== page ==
Why Keep Chickens in the garden?

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Why Keep Chickens?

Keeping chickens can be really rewarding. They are so easy to keep and you will get rewarded with eggs on a daily basis (hopefully!). A good healthy chicken can lay up to 6 eggs a week so just keeping, say, 4 can get you 24 eggs a week!

They basically need somewhere dry to sleep and nest boxes, although most chickens will lay anywhere if left to their own devices, they are very self sufficient.



My wife made me build a shelter so when it rains they have some where dry to perch without going back into the coop. This also doubles up as shade in our very short summer.

Their diet basically consists of layers pellets or mash, that can be easily obtained from pet shops and they also like a little corn as a treat. If left to roam in the garden they will also get lots of nutrients from anything in the garden such as grass, worms, snails and even ants and insects. We find that the more natural their diet the more richly coloured their egg yolks, put it this way when you buy battery hens' eggs the yolks are usually quite pale, but free range eggs have lovely orange yolks as their diet is more natural.

Chickens are also fascinating to watch and have really interesting habits such as dust bathing, this is where they make a shallow pit in sand or dry soil and wriggle around in it getting the dry soil/sand between their feathers, this is said to get rid of mites. They are also fond of sunbathing and love to lay sideways in the sun and get the rays to their outstretched wings.

We would recommend having more than two (we have 13) otherwise one will become bossy and bully the others, (if this does happen move her away from the others for 24 hours and she will drop down the pecking order), as in trying to establish a pecking order. They can be housed in a large rabbit hutch if a coop is not available or it is quite simple to make a raised hutch with a little ladder at shallow angle to allow access.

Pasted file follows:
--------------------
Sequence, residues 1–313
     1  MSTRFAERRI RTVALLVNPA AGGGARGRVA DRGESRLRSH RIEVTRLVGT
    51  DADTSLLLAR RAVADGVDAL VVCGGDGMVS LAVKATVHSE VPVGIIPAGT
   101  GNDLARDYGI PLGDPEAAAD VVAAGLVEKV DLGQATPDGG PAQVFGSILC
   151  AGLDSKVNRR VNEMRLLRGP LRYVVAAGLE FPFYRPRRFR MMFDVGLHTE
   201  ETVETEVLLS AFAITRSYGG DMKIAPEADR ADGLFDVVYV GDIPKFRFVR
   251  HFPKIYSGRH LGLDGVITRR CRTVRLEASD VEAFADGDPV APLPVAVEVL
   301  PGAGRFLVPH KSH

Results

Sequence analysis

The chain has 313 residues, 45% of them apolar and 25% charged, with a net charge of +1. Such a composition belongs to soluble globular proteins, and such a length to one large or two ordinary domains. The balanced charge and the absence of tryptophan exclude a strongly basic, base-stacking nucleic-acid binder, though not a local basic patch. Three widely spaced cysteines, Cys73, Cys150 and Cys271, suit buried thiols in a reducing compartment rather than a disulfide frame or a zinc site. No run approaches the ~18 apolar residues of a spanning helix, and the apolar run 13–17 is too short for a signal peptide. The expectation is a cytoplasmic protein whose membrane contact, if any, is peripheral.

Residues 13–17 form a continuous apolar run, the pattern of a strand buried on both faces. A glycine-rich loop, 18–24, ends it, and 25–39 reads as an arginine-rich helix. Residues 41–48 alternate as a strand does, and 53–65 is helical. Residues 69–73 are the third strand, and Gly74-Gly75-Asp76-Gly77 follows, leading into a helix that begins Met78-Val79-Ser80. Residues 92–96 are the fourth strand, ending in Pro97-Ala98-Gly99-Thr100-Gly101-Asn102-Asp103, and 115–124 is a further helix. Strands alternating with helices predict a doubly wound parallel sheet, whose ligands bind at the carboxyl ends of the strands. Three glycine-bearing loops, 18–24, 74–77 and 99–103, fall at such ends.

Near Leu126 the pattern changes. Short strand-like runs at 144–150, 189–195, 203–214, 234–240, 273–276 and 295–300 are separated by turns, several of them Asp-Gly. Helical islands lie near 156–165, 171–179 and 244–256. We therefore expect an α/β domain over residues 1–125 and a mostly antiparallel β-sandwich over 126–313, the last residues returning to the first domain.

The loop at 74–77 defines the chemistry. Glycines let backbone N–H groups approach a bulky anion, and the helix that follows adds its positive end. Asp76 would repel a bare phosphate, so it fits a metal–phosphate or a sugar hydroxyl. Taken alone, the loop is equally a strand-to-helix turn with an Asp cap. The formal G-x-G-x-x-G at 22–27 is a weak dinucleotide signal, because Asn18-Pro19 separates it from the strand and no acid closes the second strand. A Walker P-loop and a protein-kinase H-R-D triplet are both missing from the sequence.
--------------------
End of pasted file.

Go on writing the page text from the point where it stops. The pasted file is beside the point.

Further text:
Keeping chickens is a cheap and rewarding hobby and chickens can live to a ripe old age of 15 although they will probably only lay well for about 4-5 years after which time their egg laying does go into decline. They make good pets and are much more intelligent than they are given credit for, I often her my wife talking to her girls!!??




If you do decide to keep them bear in mind that if they are allowed to roam in the garden (if you have seen the film Chicken run you have no idea how true that is, they seem to have an uncanny knack for finding any weakness in your fences), they do a lot of scratching with their feet and can be quite destructive, a run may be a better idea if you are having more than a few. They will always go back to their coop as soon as they sense dusk so catching them is not a problem, let them naturally go back to their coops in the early evening and then they can be shut up for the night.

They will need to be let out early in the morning as soon as it is light as the more daylight they experience the more eggs they will lay as they need natural daylight to produce eggs.


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